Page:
Contemporary Theater Co Makes it Up on the Spot in BRAVO! AN IMPROVISED MUSICAL

Contemporary Theater Co Makes it Up on the Spot in BRAVO! AN IMPROVISED MUSICAL

The music soars and the actors all come together for the triumphant finale, which none of them have ever sung before! Everything is created onstage in the moment in the Contemporary Theater Company's fall production, Bravo! An Improvised Musical, playing October 21 - November 18.

A brand new musical premieres every night as these performers take the stage. Everything is made up on-the-spot, and the actors know nothing about the show before it starts. Bravo! captures that magic and love of musicals with an incredible twist.

This is the Contemporary Theater Company's third fully-improvised play format. They have previously performed audience favorites Slamming Doors: An Improvised Farce and Whodunit? An Improvised Murder Mystery, which will return this January. Bravo! An Improvised Musical takes it to the next level with songs as well as plot, characters, and dialogue all made up on-the-spot.

"It's been incredible listening to the cast in rehearsals," says stage manager Maggie Cady. "We have such talented musicians creating new songs and the plot of a whole play each night!"

The team behind the company's 2015 production of Sweeney Todd is back together for this brand new project - creating a new musical every night. Directed by Christopher Simpson, music direction by Jean Maxon-Carpenter, assistant directed by Tiffany Fenton, starring Jason Shealy (Sweeney Todd) and Eden Casteel (Mrs. Lovett) alongside Christine Cauchon, Sophie Kreyssig, Clayton Michaud, Ryan Sekac, and Chelsea Swan.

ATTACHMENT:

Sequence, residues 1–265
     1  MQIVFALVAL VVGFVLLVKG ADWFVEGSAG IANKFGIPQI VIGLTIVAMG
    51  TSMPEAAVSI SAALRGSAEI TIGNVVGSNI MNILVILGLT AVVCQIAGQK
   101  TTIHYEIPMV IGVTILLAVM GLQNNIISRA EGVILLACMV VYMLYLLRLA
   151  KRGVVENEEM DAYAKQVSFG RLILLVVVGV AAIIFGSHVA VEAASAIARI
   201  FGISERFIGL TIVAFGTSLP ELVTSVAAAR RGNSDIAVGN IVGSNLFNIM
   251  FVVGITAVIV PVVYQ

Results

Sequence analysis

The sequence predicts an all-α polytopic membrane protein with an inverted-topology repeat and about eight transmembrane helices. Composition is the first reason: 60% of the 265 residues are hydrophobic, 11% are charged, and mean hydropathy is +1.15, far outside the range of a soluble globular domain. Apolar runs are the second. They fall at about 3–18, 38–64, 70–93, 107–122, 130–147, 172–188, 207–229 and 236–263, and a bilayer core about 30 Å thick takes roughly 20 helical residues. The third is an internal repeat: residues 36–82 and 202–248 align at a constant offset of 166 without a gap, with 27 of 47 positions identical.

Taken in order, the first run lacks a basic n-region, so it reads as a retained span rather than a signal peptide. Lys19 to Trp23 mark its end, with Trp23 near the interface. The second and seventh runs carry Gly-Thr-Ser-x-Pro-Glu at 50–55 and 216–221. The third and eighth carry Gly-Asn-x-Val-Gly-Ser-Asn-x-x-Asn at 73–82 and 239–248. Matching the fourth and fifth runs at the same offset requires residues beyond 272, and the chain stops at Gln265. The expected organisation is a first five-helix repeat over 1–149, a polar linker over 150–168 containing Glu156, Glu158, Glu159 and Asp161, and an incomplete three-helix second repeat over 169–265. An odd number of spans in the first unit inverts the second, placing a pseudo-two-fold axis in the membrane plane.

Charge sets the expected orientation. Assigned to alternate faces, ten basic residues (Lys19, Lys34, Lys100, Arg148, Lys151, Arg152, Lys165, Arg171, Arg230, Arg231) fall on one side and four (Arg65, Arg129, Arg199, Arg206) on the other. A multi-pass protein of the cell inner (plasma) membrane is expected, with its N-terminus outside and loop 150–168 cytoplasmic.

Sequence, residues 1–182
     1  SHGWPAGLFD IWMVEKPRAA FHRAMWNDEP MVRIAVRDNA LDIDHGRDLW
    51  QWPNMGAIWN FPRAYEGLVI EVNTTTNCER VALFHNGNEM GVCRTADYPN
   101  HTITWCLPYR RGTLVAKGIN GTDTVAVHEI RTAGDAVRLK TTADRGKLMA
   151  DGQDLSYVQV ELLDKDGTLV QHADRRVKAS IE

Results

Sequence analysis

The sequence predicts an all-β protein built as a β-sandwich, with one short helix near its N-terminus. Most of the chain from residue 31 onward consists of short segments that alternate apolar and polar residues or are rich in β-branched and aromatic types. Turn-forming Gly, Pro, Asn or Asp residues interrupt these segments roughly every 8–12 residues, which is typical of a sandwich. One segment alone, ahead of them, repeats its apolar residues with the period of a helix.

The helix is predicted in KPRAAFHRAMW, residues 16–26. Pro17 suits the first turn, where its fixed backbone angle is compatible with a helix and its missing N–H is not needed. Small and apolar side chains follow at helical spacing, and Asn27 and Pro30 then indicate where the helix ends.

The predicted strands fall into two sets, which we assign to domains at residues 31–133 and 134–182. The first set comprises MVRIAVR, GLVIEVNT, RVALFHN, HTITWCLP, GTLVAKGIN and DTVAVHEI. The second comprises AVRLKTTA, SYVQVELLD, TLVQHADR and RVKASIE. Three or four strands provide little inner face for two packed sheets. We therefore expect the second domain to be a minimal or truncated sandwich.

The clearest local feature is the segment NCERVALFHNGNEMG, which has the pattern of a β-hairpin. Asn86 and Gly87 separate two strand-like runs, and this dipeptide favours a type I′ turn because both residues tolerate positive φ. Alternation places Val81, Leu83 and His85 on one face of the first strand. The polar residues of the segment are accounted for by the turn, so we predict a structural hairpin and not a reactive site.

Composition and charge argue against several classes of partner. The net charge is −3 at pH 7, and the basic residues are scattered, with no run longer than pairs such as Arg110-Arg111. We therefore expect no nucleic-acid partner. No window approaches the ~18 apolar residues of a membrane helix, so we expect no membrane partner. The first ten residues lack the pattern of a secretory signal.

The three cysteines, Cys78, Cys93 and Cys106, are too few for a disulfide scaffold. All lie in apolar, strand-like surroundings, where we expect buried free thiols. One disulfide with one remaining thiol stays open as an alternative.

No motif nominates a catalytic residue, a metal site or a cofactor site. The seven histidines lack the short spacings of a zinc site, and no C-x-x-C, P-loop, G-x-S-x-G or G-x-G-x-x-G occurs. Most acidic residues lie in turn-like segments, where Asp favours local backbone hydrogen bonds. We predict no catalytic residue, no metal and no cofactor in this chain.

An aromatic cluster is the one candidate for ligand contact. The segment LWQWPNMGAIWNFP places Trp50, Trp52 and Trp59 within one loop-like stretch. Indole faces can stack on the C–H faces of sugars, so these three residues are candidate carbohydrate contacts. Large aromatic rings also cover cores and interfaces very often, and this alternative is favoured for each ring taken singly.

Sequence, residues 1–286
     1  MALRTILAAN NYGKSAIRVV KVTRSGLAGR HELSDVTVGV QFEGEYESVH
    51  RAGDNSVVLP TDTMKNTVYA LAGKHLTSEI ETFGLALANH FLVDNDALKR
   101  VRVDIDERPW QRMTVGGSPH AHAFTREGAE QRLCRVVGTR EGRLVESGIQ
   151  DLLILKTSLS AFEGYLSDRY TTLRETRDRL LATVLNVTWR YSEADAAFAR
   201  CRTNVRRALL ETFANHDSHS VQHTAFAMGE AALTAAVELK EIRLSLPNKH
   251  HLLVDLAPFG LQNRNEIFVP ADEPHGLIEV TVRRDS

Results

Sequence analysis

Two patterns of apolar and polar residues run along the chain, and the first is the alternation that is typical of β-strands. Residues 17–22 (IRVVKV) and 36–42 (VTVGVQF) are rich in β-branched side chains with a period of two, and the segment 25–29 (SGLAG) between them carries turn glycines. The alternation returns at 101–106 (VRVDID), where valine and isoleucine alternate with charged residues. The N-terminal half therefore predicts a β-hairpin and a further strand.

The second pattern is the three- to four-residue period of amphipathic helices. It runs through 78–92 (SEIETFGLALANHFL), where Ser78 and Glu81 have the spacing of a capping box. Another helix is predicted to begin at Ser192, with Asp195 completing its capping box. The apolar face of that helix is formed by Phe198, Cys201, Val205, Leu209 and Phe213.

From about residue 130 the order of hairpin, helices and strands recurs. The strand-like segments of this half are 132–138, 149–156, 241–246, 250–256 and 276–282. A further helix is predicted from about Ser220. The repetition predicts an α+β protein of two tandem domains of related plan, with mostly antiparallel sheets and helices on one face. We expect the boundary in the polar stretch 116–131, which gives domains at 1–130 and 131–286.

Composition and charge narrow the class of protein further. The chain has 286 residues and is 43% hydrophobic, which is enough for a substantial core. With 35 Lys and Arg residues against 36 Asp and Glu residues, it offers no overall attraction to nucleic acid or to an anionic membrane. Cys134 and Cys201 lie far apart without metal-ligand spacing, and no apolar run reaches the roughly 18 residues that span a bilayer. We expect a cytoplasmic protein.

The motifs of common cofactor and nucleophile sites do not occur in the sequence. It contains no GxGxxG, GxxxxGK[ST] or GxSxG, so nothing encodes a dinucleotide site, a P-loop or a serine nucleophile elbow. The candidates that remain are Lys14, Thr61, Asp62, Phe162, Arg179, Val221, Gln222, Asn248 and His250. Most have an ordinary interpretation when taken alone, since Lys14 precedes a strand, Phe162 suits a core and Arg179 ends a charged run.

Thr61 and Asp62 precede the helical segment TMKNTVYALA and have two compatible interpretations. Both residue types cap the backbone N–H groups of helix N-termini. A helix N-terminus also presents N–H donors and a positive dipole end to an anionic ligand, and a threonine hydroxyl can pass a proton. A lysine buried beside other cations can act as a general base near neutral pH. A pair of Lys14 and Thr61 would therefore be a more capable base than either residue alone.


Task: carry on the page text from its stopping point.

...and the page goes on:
"With a project this complex, the level of expertise and creativity required of everyone involved from actors and musicians to the lighting designer and crew is incredible," says Music Director Jean Maxon-Carpenter. "Instantly creating a new full-length musical every night requires a lot from us all."

How do you rehearse for an improvised show? Cady compares it to athletic training - you work on the skills that you will need in the moment and exercise those muscles. In this case, it is practicing creating lyrics, melodies, and a complete story on the fly.

"At a rehearsal we might practice five or six opening numbers in a row set in different locations," says Cady. "Getting the cast to be able to work together as a team is essential."

Tickets for performances and more information about the company are available online at or by calling 401-218-0282.

Preview: Oct 14 at 7 pm

Performances: Oct 21, 28, Nov 4, 10-11, 16-18 at 7 pm, Nov 12 at 2 pm

PHOTO: From Micetro Improv Photo Credit: Ron Cowie Productions (From right to left) Jim Foley, Kaisa Kokko, Tyler Brown

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